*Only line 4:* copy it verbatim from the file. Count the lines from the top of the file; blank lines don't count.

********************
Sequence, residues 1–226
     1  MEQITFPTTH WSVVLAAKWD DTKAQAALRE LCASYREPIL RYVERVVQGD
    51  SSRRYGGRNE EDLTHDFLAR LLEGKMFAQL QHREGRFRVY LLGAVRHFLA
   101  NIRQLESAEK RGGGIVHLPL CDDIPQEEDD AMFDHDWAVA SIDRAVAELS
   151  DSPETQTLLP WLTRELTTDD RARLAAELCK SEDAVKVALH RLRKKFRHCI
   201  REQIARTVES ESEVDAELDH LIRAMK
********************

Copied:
   101  NIRQLESAEK RGGGIVHLPL CDDIPQEEDD AMFDHDWAVA SIDRAVAELS